A screen shot of the online ceremony to mark the new transfer agreement.
Finger Lakes Community College and SUNY Empire State College today announced a new agreement allowing guaranteed admission of graduates from FLCC who have earned an associate degree in networking and cybersecurity to SUNY Empire’s new bachelor of science in security studies program. SUNY Empire’s bachelor of science in security studies will help prepare qualified professionals to meet the national and global security challenges of the 21st century in high demand areas such as homeland security, emergency management, disaster relief, and law enforcement.
The agreement was celebrated with a online signing ceremony that included FLCC and Empire faculty and staff as well as SUNY administrators.
The SUNY Impact Foundation recently announced it will match every donation the FLCC Foundation receives for student emergency funding by June 30 up to $50,000.
FLCC began its COVID-19 Emergency Response campaign in April to help students through the financial crises that came with the COVID-19 pandemic.
To date, the combined support of alumni, faculty, staff, and community members has raised over $25,000. If the campaign gets to $50,000, the FLCC Foundation will be able to max out this challenge grant to make a total of $100,000 available for student emergency needs.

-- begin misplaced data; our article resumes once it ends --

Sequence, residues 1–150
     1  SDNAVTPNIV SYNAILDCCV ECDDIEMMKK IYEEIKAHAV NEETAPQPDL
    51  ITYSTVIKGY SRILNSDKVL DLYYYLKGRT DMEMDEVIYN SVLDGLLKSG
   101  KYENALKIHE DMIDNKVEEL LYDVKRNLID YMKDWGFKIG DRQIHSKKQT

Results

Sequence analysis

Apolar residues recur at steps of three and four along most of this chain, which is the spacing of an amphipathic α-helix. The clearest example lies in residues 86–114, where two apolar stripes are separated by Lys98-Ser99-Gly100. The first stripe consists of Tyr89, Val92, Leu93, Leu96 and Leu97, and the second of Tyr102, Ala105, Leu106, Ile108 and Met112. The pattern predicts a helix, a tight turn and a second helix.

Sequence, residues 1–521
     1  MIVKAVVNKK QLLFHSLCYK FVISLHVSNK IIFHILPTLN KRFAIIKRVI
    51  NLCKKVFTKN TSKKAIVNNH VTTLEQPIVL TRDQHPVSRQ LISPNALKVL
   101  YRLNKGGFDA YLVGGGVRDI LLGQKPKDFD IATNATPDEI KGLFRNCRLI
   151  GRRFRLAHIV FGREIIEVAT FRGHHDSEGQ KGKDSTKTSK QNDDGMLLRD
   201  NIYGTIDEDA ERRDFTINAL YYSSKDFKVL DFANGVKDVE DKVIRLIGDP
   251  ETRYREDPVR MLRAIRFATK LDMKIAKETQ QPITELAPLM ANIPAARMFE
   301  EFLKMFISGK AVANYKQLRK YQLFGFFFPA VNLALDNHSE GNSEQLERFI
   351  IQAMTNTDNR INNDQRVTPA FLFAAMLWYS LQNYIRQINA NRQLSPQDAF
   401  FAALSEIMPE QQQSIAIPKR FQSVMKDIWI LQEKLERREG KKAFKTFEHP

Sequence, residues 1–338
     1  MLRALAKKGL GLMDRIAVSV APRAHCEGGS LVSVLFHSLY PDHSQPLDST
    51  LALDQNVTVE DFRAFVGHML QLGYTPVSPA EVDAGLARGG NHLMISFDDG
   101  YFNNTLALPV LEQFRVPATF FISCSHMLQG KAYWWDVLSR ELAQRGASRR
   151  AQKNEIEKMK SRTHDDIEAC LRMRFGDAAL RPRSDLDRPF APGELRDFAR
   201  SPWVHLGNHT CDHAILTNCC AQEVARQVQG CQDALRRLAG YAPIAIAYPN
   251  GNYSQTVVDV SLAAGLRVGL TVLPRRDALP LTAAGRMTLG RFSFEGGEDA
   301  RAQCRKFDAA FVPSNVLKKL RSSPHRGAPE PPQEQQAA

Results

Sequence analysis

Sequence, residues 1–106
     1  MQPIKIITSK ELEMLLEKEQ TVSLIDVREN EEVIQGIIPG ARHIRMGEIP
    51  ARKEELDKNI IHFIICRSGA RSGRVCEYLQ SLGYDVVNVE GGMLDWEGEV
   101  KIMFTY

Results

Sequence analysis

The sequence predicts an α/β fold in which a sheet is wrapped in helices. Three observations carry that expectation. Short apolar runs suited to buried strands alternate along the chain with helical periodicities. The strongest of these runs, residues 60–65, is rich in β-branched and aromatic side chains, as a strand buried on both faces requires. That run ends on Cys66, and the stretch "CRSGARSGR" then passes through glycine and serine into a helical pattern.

FLCC’s student emergency funds include the food cupboard and emergency loans, as well as specially designated funding for students facing crises as a direct result of the COVID-19 pandemic.
Throughout the last academic year, 54 students borrowed over $26,000 in FLCC Foundation emergency loans and 171 students used the Food Cupboard at least once. In addition, FLCC students have received a combined total of over $8,000 in emergency grants and COVID-19 response funds thus far.
The Foundation welcomes both new and repeat donors in the final days of this campaign.
Click here by June 30 and your gift will be doubled!
The intent of the SUNY Impact Fund’s emergency program is to help students experiencing temporary set‐backs such as: medical emergencies, job loss, housing changes or threats of eviction, backup transportation, backup child care and computer repair.
The FLCC and SUNY community share the following messages in support of the Black Lives Matter movement.
A Message from FLCC President Robert Nye
Dear FLCC Community,
Over the past several days our nation and our communities have experienced the anger, rage, sadness and grief as a result of the terrible loss of George Floyd in Minneapolis. The inhuman and callous treatment of George Floyd is not an isolated incident, but a long continuation of sad
and unnecessary loss of human life that lays bare the social inequities and social injustices that linger across America.